William "Bill" Tompkins died Sept. 21, 2001, in Juneau, after a bout with cancer.
Born into the Raven Frog Clan of Klukwan on June 8, 1930, in Anchorage, Tompkins, whose Tlingit name is Hin'Sheesh, spent most of the last 40 years in Juneau. He served for two years during the Korean War, and some of his jobs in Juneau included working as a logger, a hand troller, a longshoreman and a commercial driver.
Tompkins was well known for his athletic talents. He was the first Alaska Native to play in the Minor League, he carried the Alaska Flag at the first Arctic Winter Games in 1970, and he played with the Arctic Lights and Klukwan. He was an active member of the Lions Club's Gold Medal Committee, and, in 1978, he was inducted into the Gold Medal Hall of Fame. He also coached Little League, American Legion Baseball, men's and women's basketball and softball. He enjoyed hunting, fishing and camping with his children and grandchildren.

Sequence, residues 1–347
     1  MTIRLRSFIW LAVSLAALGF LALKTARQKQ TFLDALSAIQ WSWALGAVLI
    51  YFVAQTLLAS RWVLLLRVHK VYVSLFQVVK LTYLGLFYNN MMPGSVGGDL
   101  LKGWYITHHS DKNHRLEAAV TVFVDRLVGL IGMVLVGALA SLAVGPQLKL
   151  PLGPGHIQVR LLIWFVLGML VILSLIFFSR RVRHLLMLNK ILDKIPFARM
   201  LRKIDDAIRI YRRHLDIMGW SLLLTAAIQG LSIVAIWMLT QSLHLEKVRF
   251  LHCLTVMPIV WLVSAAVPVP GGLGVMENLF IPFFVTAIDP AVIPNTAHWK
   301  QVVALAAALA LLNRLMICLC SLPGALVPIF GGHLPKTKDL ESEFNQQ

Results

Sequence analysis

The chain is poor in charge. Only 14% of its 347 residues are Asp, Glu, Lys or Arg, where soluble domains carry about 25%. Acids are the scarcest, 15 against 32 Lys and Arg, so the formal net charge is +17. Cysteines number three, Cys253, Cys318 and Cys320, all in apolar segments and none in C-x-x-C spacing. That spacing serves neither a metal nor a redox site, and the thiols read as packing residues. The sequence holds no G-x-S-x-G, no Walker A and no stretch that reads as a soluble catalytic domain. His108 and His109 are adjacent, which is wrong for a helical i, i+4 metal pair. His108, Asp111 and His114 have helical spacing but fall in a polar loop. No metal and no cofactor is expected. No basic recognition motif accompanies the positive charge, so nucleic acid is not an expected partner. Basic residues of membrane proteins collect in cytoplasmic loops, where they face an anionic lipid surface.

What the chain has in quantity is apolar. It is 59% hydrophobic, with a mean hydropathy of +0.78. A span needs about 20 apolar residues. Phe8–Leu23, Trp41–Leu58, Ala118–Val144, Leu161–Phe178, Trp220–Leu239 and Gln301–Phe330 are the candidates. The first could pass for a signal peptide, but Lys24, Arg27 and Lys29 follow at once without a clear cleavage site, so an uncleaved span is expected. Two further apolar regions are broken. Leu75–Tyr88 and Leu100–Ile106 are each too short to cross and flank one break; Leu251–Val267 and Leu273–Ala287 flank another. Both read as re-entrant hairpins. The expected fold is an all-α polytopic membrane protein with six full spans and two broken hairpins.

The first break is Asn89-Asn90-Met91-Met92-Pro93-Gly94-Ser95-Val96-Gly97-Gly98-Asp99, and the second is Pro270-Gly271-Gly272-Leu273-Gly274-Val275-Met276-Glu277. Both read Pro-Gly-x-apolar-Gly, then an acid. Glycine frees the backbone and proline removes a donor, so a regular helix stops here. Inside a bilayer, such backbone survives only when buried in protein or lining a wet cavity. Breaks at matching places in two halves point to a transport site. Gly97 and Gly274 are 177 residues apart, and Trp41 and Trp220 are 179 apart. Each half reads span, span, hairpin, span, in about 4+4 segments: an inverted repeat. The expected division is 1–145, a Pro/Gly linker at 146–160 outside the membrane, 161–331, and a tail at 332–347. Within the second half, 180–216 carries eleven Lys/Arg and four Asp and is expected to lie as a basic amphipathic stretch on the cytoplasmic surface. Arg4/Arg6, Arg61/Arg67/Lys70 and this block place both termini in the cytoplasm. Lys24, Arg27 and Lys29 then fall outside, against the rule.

He was preceded in death by his mother, Anna Klaney; father Frank Tompkins; stepfather Henry Smith; brothers John and Raymond Tompkins; and sisters Henrietta "Bubbles" Tompkins, Betsy Raines and Dorothy Smith Burford.
He is survived by his wife of 39 years, Betty; son John Tompkins and his wife Linda, North Carolina; son Guy Tompkins and his wife Deborah, Australia; daughter Maggie Tompkins and Steve Bean, Juneau; son Frank Tompkins, Juneau; daughter Dawn Tompkins and Jason Bavard, Juneau; son Joe Tompkins, Juneau; daughter Christal Tompkins and Sam Miller, Juneau; many grandchildren, and a large extended family throughout Alaska.
A memorial service will be held at the Juneau ANB Hall on Monday, Oct. 1, at 7 p.m. The burial or spreading of ashes will be posted at a later date. In lieu of flowers, contributions may be sent to the American Cancer Fund, Juneau Lions Club, Hospice, or the American Red Cross.
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